• To download images of the James Wakefield Rescue Row, visit LCMM’s web pressroom; see images 6, 8 and 10 (double click thumbnail image to access high-res file):


Background: The General Butler Story

In December 1876, canal schooner General Butler left Isle LaMotte with a load of marble destined for the marble works on South Champlain St. in Burlington. During the trip a major storm kicked up on Lake Champlain.  As the Captain, William Montgomery, attempted to make his way into Burlington Harbor, the steering gear broke. Montgomery dropped anchor and made a quick repair by chaining a tiller bar to the broken gear.  He then chopped his anchor line and made a last ditch attempt to steer around the breakwater into the slightly calmer waters of the harbor, but the ship crashed into the breakwater. With 60 tons of marble on board, the Captain knew his boat was doomed.  He ordered his deckhand to jump to the breakwater, then his daughter, her best friend, and his passenger, an injured quarry worker. Finally the captain himself made the leap onto the rocks as the schooner slipped back into the waves and sank.  While the crew was off the boat, they were by no means safe.  Clinging to ice covered rocks and slammed by freezing waves their chances of survival were fading fast. Thankfully James Wakefield, a local sailmaker and ship chandler, and his son Jack grabbed a 14 foot rowboat and rowed out through the winter gale and rescued all five souls from the ice covered breakwater.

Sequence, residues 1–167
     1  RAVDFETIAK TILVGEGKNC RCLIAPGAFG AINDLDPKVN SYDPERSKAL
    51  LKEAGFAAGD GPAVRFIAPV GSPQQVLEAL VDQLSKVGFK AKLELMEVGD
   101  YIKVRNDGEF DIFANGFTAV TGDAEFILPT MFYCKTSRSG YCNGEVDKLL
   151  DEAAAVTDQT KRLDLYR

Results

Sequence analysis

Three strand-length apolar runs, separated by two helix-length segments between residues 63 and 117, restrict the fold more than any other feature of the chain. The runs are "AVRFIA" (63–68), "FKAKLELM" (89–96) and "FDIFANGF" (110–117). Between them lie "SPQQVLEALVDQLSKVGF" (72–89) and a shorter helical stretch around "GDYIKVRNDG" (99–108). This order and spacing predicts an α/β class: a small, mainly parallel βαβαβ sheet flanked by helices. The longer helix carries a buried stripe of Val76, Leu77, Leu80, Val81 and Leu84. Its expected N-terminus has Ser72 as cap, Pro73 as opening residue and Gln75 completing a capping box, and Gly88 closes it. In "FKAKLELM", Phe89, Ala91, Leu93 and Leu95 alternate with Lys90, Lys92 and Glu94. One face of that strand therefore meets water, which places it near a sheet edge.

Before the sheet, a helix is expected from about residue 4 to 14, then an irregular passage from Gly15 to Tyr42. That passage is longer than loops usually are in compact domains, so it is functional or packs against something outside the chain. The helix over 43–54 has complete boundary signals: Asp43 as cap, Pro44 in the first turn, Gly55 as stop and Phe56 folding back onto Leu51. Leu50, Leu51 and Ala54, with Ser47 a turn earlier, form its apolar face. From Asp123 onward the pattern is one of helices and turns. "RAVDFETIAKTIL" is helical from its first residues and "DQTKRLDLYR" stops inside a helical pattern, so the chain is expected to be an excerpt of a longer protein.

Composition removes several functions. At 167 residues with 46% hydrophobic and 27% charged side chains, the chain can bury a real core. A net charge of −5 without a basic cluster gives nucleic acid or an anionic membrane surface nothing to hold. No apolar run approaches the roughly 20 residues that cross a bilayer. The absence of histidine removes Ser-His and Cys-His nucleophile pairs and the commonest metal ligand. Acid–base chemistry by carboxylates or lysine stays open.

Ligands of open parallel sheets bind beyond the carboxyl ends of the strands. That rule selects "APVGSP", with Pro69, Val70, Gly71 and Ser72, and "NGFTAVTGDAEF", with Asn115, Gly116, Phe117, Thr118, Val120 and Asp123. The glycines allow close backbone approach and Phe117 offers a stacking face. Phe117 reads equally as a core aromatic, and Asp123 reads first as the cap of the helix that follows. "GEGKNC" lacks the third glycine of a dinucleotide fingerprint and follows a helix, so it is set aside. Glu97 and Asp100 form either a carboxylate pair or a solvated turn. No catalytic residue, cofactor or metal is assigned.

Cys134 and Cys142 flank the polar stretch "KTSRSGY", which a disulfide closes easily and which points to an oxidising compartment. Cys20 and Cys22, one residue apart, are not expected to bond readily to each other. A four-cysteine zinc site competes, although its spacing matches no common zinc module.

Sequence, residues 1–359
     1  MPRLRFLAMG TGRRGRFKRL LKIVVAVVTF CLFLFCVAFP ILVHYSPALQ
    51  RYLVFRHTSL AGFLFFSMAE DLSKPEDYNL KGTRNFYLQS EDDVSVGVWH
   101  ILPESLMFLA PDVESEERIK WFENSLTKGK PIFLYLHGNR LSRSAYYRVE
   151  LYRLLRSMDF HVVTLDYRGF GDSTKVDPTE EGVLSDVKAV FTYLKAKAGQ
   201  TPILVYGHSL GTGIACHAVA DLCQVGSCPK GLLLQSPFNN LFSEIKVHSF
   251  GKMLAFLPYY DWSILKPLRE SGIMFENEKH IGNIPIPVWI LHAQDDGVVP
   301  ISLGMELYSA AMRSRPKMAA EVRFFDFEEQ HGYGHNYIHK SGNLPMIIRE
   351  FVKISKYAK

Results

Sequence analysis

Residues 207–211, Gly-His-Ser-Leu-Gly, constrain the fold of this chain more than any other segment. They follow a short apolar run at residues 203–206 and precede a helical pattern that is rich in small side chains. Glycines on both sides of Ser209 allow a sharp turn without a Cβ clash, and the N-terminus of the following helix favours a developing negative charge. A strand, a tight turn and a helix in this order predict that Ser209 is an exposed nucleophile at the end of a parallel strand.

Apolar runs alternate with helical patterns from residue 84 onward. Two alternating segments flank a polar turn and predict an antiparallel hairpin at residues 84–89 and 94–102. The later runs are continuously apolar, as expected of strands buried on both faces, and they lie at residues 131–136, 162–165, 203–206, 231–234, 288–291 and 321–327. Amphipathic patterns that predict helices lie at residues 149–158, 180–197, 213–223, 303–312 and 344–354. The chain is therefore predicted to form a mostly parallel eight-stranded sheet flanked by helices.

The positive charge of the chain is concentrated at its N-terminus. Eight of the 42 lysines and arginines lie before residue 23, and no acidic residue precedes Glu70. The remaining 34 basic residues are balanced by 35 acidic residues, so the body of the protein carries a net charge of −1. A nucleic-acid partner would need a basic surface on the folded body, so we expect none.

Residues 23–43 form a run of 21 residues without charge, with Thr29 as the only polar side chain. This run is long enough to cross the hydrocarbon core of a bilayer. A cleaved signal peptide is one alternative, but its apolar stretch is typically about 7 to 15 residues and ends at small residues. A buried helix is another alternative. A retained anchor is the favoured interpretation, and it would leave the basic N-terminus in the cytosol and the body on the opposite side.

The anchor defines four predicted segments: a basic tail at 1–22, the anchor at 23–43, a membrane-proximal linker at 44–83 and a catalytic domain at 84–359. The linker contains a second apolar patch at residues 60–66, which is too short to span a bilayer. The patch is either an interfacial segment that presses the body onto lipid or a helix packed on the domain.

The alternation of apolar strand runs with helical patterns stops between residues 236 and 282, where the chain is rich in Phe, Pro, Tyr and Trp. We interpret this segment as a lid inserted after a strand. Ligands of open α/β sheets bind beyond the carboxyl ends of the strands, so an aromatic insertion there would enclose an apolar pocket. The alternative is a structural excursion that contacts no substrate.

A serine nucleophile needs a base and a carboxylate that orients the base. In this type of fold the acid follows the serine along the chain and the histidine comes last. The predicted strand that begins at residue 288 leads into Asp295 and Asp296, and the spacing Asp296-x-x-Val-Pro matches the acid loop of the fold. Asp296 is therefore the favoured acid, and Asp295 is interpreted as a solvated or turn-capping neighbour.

Canal schooners, unique hybrid wooden boats, were constructed to sail on the open lake and then lower their masts and rigging to transit the Champlain canal to ports on the Hudson River. In the decades after the Civil War, they vanished from Lake Champlain and were largely forgotten. The discovery of an unusual shipwreck in Burlington Bay in 1980 brought the story of the General Butler to light, inspiring LCMM’s construction of replica 1862 canal schooner Lois McClure and the commemorative event hosted by Champlain Longboats each fall. General Butler is now one of Lake Champlain’s Underwater Historic Preserves, open for visits by SCUBA divers. Non-divers can view the site by Remotely Operated Vehicle (ROV) on LCMM’s popular Shipwreck! Tours.